A call for 2023, could be “buy China” — not just its bonds, but even its beleaguered stocks. On any simple what-goes-down-must-come-up model, this makes ample sense. Chinese American Depositary Receipts, as measured by the Bank of New York’s index, and Hong Kong-quoted shares covered by the MSCI China Index have more or less caught up with the MSCI All-World index. An epochal 46% fall for the ADRs at one point is now a more manageable 18% drop for the year.
Christopher Wood, a veteran analyst of Asian markets suggests that it’s now safe to enter the water. But it’s important than he is more confident about relative performance (because he sees US earnings and the dollar as challenged), than about absolute performance in an environment that is confronted to a big public health crisis for the next few months.
BETTER RETURN OUTSIDE THE US.
Some strategists see a better set-up for foreign stocks than their U.S. peers in 2023. This marks a departure from the pattern in recent years when investors were rewarded for staying close to home.
Last year global stocks fell 18% compared with 20% for the S&P 500. Current forecasts suggest global stocks could extend that lead this year. For example, Vanguard estimates annualized 10-year returns at 7.2% to 9.2% for developed markets, 7% to 9% for emerging markets, and 5% to 6.7% for U.S. stocks.
Some reasons behind the rosier view of global stocks include that stocks in Europe and emerging markets are cheap compared to those in the U.S. Also, the odds of a recession in the U.S. are increasing by the day, and there’s the risk that higher labor costs for companies could eat into high-profit margins.
A portfolio of U.S. stocks bought in 2012 is worth double on a cumulative return basis than an international stock portfolio. But Vanguard sees emerging markets as attractively valued for the first time since the pandemic. Interest rate increases in the emerging world have also slowed, whereas U.S. rates keep climbing.
Gavekal Research sees the next bull market in Asia and emerging markets. They expect the Fed to pause interest rate hikes this year; if the Fed blinks, the dollar could weaken, unlocking a wave of investments in global stocks.
GOLD : The Rally May Last
After we called the break at USD 1700
Gold has appreciated by about $200/Oz in the last three months as the US dollar started to weaken and the FED rate hike expectations started to moderate.
Gold usually rises during a recession, high inflation or economic uncertainty. Looking ahead, the US dollar will be key to gold’s performance. If the dollar has peaked, the gold price should be above $2,000 again this year. Gold has nothing to fear from interest rates hikes. It is the impact of rate increases on the value of the dollar that is important.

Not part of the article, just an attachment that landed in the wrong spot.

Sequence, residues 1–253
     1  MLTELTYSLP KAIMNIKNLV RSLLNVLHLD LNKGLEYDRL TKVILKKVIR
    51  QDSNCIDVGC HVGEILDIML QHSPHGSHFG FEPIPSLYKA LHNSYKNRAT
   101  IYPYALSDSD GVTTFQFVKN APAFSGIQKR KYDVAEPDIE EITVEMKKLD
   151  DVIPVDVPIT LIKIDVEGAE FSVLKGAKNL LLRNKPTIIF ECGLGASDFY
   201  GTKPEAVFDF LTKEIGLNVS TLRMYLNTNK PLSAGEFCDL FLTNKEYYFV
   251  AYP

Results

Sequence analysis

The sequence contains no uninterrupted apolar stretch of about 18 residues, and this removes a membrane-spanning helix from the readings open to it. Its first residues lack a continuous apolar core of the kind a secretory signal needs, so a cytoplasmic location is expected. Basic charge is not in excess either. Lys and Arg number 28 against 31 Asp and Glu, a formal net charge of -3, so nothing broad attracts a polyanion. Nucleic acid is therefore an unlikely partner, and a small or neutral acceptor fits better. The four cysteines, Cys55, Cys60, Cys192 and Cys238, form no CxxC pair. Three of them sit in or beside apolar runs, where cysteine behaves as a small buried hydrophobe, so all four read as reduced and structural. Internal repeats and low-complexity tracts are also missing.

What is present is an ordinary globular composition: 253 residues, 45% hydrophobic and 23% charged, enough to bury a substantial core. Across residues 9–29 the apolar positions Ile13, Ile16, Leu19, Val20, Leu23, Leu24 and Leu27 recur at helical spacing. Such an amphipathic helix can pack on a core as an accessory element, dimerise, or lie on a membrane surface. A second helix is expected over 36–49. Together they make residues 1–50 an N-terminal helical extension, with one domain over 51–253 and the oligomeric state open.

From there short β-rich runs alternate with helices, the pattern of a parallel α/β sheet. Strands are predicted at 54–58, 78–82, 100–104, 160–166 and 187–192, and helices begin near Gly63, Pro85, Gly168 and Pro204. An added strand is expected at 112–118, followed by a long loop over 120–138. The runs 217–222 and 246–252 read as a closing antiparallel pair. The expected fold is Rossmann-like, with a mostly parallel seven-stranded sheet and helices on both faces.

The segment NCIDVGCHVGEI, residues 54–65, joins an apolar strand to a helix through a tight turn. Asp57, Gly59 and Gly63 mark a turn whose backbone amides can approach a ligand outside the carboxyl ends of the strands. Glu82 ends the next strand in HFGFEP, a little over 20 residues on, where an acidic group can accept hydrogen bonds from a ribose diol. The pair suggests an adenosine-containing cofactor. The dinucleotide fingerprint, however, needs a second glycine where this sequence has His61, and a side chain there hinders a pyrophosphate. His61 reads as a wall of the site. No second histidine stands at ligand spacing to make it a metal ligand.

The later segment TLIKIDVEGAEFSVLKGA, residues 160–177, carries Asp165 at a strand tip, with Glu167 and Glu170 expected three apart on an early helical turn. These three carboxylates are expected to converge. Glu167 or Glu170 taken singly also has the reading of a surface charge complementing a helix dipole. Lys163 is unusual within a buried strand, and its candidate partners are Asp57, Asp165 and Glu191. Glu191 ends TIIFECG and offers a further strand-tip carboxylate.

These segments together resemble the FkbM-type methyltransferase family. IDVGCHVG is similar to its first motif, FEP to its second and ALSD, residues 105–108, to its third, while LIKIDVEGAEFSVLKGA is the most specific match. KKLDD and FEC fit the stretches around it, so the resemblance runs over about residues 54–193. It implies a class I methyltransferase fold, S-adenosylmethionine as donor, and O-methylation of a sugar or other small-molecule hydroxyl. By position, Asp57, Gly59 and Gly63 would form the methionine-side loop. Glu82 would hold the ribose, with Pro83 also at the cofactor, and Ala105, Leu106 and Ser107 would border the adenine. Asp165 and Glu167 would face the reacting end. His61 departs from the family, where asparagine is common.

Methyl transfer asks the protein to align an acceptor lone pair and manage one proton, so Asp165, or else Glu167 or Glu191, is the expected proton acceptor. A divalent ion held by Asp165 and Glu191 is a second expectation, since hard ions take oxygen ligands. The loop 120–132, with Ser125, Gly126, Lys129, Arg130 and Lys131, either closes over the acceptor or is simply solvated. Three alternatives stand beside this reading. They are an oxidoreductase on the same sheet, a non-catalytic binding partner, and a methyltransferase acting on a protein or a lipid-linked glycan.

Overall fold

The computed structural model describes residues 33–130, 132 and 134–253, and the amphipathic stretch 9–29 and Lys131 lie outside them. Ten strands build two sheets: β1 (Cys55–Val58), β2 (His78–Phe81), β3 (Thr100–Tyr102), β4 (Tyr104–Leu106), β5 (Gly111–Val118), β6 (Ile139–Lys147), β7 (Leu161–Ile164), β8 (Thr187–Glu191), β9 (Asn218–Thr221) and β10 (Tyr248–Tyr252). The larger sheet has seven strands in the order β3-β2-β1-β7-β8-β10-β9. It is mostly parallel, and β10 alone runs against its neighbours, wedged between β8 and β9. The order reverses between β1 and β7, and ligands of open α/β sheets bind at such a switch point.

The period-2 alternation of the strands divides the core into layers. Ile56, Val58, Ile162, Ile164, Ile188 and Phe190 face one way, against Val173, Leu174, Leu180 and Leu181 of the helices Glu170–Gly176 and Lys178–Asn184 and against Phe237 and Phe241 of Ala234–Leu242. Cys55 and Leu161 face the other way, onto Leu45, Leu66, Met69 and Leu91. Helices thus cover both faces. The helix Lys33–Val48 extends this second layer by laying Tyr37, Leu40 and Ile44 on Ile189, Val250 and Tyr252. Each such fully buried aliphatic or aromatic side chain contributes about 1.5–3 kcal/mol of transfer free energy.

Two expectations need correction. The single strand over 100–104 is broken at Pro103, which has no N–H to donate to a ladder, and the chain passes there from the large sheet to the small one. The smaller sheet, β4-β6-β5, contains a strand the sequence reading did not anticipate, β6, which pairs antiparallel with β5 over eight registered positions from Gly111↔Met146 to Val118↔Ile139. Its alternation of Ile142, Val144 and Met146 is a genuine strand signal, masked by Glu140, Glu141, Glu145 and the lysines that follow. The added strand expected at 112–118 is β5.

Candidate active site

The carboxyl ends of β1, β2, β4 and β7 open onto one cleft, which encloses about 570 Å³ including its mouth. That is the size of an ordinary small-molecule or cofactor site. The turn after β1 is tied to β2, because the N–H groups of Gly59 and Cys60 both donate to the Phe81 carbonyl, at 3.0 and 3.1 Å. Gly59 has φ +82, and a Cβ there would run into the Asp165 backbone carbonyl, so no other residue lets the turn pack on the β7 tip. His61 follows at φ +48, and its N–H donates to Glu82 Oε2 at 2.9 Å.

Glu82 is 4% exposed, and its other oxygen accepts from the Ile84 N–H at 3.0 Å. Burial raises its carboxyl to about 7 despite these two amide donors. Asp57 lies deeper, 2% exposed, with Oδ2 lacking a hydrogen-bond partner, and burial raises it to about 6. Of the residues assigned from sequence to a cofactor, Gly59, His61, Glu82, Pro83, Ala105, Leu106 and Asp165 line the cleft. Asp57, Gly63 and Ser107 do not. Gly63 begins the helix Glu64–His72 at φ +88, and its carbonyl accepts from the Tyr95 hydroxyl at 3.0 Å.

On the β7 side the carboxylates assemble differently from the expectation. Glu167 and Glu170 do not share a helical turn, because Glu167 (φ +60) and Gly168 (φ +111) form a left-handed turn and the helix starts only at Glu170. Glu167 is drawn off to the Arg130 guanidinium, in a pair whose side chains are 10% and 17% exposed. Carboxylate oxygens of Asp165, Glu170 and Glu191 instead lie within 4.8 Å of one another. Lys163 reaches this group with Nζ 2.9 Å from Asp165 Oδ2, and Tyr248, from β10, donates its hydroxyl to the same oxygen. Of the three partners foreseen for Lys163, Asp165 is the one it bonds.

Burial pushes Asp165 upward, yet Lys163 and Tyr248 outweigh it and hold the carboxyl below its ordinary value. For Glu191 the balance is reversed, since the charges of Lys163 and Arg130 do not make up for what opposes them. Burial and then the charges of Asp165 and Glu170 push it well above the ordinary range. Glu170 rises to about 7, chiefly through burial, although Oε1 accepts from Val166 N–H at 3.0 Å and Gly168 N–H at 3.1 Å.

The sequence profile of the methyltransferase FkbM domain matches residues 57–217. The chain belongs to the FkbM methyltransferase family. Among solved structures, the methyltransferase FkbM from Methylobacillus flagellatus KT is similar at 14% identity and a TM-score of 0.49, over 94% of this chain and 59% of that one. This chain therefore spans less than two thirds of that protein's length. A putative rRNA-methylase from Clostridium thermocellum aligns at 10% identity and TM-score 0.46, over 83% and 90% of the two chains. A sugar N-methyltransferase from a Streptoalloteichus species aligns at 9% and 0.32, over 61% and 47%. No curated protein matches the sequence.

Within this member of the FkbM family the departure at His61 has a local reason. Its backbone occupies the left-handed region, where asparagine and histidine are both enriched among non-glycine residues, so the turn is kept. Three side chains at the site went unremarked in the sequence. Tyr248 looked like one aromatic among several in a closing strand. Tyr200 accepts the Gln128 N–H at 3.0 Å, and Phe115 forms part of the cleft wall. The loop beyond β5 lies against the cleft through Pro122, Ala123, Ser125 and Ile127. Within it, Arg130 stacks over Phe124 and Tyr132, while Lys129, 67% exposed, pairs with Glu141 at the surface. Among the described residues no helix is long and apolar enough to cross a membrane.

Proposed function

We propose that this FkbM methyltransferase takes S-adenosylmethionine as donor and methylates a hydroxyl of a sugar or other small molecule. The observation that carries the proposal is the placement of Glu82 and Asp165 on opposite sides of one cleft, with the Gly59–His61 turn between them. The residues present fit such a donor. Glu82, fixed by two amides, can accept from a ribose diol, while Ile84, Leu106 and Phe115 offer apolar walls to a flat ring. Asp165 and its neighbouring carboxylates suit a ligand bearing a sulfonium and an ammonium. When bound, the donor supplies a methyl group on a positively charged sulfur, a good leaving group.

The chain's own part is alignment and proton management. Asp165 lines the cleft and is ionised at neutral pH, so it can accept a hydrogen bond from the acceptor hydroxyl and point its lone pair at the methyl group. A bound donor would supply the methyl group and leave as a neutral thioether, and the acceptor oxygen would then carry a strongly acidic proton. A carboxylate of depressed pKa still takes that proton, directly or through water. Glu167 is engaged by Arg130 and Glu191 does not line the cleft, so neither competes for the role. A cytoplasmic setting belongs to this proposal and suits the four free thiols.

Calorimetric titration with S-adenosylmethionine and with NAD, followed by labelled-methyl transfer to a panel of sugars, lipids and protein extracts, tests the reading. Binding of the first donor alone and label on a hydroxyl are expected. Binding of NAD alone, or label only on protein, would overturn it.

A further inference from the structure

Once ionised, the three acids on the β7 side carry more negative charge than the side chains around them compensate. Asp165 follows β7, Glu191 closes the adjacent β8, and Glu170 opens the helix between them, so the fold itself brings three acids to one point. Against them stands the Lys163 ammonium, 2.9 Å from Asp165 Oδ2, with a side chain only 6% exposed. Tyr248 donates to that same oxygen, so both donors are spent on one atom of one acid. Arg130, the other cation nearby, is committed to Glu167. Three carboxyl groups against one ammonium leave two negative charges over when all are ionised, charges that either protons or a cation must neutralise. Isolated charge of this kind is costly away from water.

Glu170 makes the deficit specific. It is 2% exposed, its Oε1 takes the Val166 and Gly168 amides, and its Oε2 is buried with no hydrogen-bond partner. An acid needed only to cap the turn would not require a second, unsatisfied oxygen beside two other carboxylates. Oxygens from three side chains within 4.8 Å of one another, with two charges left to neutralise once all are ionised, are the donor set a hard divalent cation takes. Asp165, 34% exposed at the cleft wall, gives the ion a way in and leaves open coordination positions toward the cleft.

In line with the end of 2022, bitcoin is showing relatively low volatility in this first week of 2023, still stuck around $17’000. So investor appetite for bitcoin still remains low for now. For the first time in its short history, bitcoin is expected to post four quarterly closes in the red in 2022. The cryptocurrency market leader will have shed 62% of its valuation by 2022, falling from $46,000 at the start of the year to $16,500.
Ether, the second largest crypto in terms of valuation, is clearly outperforming the leader by registering a rise of more than 4% over the past week but is still far from reversing the trend after a catastrophic 2022.
Meanwhile, the total valuation of all digital assets has fallen from $2.2 trillion to $750 billion, down 66% this year.
The Fed is in Collision Course with Investors
While the markets continue to defy the FOMC, hoping for a pivot, there is no reason outside of a financial event, a deep recession, or both.
The headwinds of higher rates, quantitative tightening, and a drain of “stimulus” from the economy have not changed. If it wasn’t a good idea to “fight the Fed” during QE, it probably remains a good idea not to do so during QT.
Everyone is looking for a Fed pivot, but Quantitative Tightening is not dovish, M2 going negative and it being the worst it’s ever been is not dovish.
The Fed is removing liquidity by reducing its balance sheet twice as fast as in 2018. For those who don’t remember, the last QT ended in a 20% market plunge over three months. Today, even with weaker inflation, QT is not ending anytime soon.
Here is the Dilemna : The FED Dot plot are at 5.1% by 2023 year end yet FED funds futures call for 4.5%-4.75% roughly 50bps below the FED’s projections. Investors see or hope enough cooling is come through to slow down the FED moves.
The consensus outlook for investors is for the economy to slow down in 1H23 and rebound in 2H powered by the FED pivot. While the markets continue to defy the FOMC, hoping for a pivot, there is no reason outside of a financial event, a deep recession, or both. Also the exact opposite may happen: the market under-estimate how persistent the US economy really is notably the unspent fiscal stimulus…..eventually the FED tightening will catch up and hit later in the year.
The minutes from the latest FOMC meeting in December. were unsurprising, at least to us, as they reiterated the same message the FOMC delivered in all of 2022. To wit: